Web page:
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date: 23 January 2019

Abstract and Keywords

From an evolutionary perspective, questions have been raised about whether women have a psychobiological pattern similar to that of men. In humans, hormonal effects of competition and its outcome have been investigated under the biosocial status hypothesis, which proposes that, after a competition, winners would show increases in testosterone whereas losers would show reductions, and the challenge hypothesis, which emphasizes the functional role of testosterone increases in the spring to promote agonistic behavior related to territoriality and access to females. Subsequently, the coping competition model has defended the study of competition within a more general stress model, considering the psychobiological responses as part of the coping response. This chapter shows that women investigations are increasing in number in recent years and that, in competitive situations, they present coping strategies with a psychobiological response pattern that can be enlightened by the coping competition model.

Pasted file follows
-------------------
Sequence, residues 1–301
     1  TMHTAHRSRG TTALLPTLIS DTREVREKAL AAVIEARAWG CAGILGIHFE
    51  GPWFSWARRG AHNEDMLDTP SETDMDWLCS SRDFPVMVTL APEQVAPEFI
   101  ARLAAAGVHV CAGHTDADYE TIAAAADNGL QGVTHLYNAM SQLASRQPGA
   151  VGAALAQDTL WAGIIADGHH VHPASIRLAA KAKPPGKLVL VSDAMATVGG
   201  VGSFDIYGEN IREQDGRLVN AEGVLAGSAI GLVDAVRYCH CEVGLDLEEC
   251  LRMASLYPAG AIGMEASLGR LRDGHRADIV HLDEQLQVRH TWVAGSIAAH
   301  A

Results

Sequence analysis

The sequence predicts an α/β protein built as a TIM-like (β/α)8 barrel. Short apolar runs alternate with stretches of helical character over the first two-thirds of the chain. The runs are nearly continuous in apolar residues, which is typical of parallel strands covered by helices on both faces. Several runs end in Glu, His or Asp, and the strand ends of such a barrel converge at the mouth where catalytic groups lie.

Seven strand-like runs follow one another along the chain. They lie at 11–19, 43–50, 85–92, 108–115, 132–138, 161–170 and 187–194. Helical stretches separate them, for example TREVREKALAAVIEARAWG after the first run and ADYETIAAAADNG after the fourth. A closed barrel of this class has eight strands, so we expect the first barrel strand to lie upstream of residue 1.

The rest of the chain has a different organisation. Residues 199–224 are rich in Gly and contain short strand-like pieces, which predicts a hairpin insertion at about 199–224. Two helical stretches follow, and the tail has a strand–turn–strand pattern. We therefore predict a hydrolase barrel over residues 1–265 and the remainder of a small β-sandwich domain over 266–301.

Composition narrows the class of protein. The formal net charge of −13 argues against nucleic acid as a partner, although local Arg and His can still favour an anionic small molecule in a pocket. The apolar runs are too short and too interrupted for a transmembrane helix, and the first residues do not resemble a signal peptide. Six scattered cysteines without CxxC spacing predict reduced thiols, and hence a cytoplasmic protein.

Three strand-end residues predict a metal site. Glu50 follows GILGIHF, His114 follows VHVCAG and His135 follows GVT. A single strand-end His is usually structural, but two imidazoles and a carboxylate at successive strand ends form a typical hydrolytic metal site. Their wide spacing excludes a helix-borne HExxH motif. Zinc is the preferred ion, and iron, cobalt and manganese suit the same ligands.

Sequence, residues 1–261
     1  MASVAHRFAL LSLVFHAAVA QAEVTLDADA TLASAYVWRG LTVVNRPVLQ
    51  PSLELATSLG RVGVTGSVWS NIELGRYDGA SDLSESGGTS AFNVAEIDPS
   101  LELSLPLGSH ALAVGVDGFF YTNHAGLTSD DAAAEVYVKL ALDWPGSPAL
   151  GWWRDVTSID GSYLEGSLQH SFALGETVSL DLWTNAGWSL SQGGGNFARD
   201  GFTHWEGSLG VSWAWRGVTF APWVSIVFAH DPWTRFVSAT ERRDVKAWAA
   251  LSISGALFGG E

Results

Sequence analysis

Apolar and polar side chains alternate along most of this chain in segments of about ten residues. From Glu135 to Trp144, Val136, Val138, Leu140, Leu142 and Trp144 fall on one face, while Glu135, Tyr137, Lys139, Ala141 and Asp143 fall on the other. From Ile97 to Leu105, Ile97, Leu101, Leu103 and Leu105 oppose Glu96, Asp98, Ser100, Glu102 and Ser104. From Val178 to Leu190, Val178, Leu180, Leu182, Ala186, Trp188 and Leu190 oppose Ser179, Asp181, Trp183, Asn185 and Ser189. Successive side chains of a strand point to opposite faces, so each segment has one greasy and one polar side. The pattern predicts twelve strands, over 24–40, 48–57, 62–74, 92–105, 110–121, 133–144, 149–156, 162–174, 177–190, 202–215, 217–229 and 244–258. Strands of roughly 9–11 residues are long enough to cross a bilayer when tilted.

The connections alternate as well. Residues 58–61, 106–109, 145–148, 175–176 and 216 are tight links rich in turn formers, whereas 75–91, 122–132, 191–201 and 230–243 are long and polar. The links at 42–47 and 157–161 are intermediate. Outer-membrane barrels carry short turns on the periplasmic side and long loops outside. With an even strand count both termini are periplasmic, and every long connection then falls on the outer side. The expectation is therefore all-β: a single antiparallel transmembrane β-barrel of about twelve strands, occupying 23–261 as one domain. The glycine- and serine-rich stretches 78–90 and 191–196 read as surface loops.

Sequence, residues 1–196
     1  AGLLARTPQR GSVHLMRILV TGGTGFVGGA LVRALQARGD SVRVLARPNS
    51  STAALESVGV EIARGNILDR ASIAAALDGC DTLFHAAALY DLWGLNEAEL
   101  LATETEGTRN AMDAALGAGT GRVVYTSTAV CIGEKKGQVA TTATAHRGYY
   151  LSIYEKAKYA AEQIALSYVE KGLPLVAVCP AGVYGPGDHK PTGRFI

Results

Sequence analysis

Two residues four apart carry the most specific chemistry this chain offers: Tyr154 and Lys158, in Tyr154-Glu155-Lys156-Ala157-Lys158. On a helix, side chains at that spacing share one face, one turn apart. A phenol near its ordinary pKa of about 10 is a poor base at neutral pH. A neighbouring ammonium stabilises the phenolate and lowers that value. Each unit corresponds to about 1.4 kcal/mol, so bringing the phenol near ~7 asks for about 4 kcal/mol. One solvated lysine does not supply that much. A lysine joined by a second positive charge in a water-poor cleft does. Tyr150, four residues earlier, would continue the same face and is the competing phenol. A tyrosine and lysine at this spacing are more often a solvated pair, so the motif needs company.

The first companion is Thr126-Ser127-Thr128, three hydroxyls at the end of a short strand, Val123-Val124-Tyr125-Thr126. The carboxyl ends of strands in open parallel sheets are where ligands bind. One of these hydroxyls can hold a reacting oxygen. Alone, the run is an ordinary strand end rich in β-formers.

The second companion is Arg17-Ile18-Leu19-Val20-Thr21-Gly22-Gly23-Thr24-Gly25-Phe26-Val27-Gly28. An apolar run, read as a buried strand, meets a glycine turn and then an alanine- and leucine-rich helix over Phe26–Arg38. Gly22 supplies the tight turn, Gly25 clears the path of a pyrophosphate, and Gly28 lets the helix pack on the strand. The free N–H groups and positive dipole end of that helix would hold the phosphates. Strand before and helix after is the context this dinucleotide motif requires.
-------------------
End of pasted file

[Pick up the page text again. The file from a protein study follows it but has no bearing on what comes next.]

Keywords: women, competition, psychobiological responses, variables, coping competition model

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